UPDATE / Campaign Notebook / Perspective

Councilwoman Mungo Responds Re Her Campaign Mailer Labeling $150 Mil For Sidewalks/Streets From "Bond" (Instead of Measure A Sales Tax Increase): She Says (1) Graphic Designer Made Change Consultants Didn't Catch, A Mistake; (2) Says Measure A Wasn't "Blank Check" As Far As She's Concerned And Explains.

[Previous headline] Mungo Campaign Mailer Tells Voters She Made Street Repaving/Park Repairs Top Priorities In LB's "$150 Million Infrastructure Bond"...But There Wasn't One
  • We Surmise It's Campaign Sleight Of Hand To Conceal Money Came From Measure A "Blank Check" Sales Tax Increase Mungo Voted To Put On Ballot That Passed Citywide But Failed Passage In Nearly Every 5th Dist. Precinct
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    (UPDATE May 22, 2018, 3:40 p.m.) Councilwoman Stacy Mungo has emailed a response regarding our May 21 story [text below] regarding a recent mailer from her campaign that indicated $150 million for sidewalk/street repairs came from a "bond" (instead of from the Measure A sales tax increase.)

    Prior to publishing our May 21 story, we sent an email to her campaign email address that indicated our story was coming and asked her to acknowledge, or indicate how she'd amend, the following statements (by us): (1) There was no $150 million bond; (2) The City Council chose to allocate a sizable portion of the Measure A (June 2016 General Fund / "blank check") sales tax increase to a multi-year $150 million "infrastructure plan" that includes sums to repair streets and sidewalks citywide, including the 5th Council district...and we invited Councilwoman Mungo to explain what happened.

    On May 22 at 2:10 p.m., received an email response from Councilwoman Mungo, which we publish below in its entirety. (The text of our original story follows.)

    [Scroll down for further below.]

    May 22 Councilwoman Mungo response (via her personal email):

    1. Thank you for pointing out the inaccuracy in the mailer -- there was no bond, it's Measure A funding. Our graphic designer made a change in the wording that my consultants didn't catch. Everything else we've put out to the voters that talks about the $150 million has been properly sited [we presume "cited"]. Mistakes happen and I'm happy to correct them when they do.

    2. No, this is not accurate. There's no such thing as a "blank check" when it comes to taxpayer dollars as far as I'm concerned. Measure A provided needed dollars to fund necessary services, including Police, Fire and infrastructure improvements. This is nuts and bolts city government services. And I'm proud of the work we've been able to do with that money and I'm proud that I was able to change the formula from "divide by nine" to spending based on need. Since the 5th District has more streets and sidewalks than any other district, we now get more money than ever before as a result. So even though my district did not support the tax increase, they're reaping the rewards from it in more street and sidewalk repair than ever before in the history of the 5th District.

    Thanks for allowing me these clarifications,

    s/ Stacy Mungo



    (Initial story as published)

    "Everyone is entitled to their own opinion, but not to their own facts." Former U.S. Senator/former UN Ambassador Daniel Patrick Moynihan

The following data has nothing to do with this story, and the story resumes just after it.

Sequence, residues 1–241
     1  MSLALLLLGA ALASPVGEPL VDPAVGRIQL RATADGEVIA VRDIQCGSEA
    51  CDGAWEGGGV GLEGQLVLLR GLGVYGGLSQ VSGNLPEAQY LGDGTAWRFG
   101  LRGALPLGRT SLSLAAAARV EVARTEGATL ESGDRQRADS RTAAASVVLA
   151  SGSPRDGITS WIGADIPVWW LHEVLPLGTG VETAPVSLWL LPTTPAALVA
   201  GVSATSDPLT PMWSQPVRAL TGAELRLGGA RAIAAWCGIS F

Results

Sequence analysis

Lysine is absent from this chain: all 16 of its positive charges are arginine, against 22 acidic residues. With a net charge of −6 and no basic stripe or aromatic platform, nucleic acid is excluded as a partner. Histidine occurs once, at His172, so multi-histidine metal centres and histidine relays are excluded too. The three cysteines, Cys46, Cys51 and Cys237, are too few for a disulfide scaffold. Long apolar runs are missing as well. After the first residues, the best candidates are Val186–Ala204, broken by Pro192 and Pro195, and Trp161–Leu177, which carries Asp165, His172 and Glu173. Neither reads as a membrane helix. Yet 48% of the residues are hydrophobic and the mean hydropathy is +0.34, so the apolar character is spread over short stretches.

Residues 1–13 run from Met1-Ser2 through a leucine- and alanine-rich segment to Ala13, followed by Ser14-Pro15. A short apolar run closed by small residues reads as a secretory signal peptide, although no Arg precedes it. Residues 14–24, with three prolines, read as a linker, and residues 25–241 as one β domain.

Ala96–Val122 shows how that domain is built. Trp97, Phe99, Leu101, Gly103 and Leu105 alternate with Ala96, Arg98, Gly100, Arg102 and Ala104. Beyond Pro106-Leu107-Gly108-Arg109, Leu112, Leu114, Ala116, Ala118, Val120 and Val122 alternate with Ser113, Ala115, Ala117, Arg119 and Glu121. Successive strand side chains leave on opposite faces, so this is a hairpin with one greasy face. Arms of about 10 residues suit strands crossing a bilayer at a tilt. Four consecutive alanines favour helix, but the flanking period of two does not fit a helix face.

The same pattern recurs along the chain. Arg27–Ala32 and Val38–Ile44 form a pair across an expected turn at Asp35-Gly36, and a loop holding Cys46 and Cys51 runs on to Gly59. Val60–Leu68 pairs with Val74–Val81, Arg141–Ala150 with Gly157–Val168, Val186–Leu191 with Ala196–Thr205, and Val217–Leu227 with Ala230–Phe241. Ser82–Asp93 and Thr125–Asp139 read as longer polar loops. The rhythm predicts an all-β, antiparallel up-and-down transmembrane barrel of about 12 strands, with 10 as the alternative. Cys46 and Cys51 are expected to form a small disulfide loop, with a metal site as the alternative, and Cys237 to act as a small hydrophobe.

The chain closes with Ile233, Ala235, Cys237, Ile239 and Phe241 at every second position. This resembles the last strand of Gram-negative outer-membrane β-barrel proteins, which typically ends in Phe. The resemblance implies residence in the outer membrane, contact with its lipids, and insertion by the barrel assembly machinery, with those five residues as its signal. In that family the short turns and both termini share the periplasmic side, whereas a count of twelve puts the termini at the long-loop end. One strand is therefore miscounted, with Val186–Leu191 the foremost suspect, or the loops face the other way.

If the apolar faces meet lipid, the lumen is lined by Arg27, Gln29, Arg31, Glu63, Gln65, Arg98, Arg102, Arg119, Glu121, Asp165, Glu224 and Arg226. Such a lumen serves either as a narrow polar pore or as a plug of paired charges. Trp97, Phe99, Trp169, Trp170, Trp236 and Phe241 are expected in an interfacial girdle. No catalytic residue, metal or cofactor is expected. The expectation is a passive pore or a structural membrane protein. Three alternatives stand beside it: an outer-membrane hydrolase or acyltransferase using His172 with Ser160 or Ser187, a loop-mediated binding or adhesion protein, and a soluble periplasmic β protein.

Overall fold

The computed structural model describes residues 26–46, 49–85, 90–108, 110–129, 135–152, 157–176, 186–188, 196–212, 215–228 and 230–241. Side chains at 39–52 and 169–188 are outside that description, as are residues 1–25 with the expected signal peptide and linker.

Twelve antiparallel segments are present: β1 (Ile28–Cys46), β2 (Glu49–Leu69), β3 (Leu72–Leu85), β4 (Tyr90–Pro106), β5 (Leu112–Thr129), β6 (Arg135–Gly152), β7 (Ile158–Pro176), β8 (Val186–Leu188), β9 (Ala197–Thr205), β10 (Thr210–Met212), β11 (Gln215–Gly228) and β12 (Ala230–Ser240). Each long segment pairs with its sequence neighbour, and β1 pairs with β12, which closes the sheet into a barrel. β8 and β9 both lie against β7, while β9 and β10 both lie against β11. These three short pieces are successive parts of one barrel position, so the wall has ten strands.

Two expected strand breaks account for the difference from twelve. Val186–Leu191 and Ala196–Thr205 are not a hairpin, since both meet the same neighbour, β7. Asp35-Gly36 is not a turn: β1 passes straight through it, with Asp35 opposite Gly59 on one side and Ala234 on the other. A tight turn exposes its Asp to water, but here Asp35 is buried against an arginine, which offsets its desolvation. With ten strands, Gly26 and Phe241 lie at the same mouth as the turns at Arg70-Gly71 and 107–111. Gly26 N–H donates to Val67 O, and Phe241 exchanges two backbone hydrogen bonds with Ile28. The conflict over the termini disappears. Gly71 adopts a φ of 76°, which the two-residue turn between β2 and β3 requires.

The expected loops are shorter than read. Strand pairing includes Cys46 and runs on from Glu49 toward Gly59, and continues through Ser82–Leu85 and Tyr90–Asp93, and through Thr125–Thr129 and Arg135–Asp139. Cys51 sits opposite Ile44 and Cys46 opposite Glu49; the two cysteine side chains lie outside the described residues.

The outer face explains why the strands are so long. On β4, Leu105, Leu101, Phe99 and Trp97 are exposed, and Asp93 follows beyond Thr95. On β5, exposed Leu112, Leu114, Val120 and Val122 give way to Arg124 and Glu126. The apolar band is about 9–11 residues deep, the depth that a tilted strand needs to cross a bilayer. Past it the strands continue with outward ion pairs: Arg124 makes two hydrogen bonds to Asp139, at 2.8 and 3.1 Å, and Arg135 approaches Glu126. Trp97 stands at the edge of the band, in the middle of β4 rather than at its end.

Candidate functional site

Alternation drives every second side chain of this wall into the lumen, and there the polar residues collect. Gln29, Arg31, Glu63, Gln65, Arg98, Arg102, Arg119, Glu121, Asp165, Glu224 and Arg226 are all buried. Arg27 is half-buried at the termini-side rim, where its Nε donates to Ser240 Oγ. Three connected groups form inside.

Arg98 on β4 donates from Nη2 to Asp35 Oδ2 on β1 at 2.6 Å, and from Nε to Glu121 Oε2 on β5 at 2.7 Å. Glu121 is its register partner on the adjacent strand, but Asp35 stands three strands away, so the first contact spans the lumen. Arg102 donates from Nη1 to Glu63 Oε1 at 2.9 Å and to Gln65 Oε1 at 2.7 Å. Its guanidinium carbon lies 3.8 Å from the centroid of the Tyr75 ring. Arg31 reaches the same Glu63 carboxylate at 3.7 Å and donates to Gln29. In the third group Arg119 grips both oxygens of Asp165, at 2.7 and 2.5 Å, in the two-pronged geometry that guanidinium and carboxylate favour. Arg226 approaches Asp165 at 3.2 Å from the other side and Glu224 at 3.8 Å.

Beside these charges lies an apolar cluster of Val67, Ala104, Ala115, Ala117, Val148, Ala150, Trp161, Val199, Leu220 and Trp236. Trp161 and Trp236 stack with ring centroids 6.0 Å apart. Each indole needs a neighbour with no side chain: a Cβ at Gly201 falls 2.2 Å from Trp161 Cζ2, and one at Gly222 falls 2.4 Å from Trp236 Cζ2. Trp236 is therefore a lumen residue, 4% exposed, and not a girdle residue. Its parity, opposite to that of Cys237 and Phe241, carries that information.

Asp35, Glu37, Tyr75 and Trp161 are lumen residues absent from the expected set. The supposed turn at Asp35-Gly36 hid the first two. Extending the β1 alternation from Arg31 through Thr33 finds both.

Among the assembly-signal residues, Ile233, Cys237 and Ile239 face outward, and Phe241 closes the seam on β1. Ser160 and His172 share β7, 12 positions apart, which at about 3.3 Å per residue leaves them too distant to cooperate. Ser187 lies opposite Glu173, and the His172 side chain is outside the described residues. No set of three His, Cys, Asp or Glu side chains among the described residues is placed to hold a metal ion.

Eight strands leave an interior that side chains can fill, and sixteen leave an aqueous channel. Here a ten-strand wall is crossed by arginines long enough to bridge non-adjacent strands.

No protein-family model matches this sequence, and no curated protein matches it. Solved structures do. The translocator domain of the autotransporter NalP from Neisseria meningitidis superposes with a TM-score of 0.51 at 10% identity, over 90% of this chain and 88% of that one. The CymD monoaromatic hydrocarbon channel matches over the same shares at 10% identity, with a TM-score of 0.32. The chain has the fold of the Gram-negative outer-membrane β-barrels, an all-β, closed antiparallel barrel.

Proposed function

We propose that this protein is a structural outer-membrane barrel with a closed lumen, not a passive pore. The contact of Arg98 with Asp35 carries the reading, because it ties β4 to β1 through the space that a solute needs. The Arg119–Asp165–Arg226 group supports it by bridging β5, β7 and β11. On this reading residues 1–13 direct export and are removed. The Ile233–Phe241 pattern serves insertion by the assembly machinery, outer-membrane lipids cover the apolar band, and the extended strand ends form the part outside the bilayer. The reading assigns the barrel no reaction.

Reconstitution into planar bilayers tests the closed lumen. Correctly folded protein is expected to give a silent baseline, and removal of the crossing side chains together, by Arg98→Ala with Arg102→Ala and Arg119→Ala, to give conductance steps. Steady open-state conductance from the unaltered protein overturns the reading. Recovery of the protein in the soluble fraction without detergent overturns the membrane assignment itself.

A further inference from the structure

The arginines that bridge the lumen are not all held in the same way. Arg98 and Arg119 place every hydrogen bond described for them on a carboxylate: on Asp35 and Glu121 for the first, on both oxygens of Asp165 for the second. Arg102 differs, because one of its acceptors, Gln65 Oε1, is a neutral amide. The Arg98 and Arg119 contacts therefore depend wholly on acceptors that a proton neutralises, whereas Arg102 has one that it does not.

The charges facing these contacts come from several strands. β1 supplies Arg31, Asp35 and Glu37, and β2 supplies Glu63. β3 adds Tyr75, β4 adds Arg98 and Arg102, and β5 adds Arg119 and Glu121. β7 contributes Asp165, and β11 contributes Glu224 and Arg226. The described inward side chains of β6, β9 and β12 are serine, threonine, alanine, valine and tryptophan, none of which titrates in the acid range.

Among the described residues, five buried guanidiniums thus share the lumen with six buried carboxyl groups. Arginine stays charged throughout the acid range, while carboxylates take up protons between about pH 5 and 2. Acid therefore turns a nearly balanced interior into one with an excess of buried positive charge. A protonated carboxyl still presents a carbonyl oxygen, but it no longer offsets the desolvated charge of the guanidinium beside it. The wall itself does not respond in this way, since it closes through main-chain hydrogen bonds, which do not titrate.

(May 21, 2018, 9:25 p.m.) -- So what do you do when you're a City Council incumbent forced into a June runoff (after a little over half of your district's voters voted against you in April) and you voted two years ago to put a sales tax increase on the ballot that brought LB the highest sales tax rate in CA (tied with only a few other cities) that passed citywide but failed in nearly every one of your Council district's precincts?


    If you're 5th dist. Council incumbent Stacy Mungo, you boast about resulting street and sidewalk repairs but pretend the money came from somewhere other than the politically poisonous sales tax increase. Mungo's most recent mailer (excerpt below) tells voters it came from a "$150 million infrastructure bond."

    Excerpt of Mungo campaign mailer; arrow and red-underline by

    To our knowledge, there was no Long Beach "$150 million infrastructure bond." However there was a June 2016 General Fund ("blank check") Measure A sales tax increase, a ballot measure that failed passage in nearly every 5th district precinct but passed citywide. The Council has adopted a legally non-binding "infrastructure plan" to allocate $150 million from the tax over the next several years for projects in multiple Council districts, including street and sidewalk repairs in the 5th district.



    At 3:52 p.m. today (May 21), emailed Councilwoman Mungo at her City Clerk-listed campaign email address and asked her to acknowledge (a) that there is no $150 million LB bond and (2) the street/sidewalk repair money came from the Measure A sales tax increase.

    As of 9:00 p.m., we haven't heard from Councilwoman Mungo. If and when we do, we'll add her response here.

    Of course some 5th district residents receiving the mailer may not care if the money doesn't come from a ficitious "bond," a campaign sleight of hand to camouflage that the money comes from the sales tax hike Mungo voted to put on the ballot and most 5th dist. residents voted against. Of course uninformed residents will simply credit her with the repaved streets, repaired sidewalks and fixed potholes.

    But we're a stickler for facts. Senator Moynihan won bigger elections by respecting this principle: "Everyone is entitled to their own opinion, but not to their own facts."


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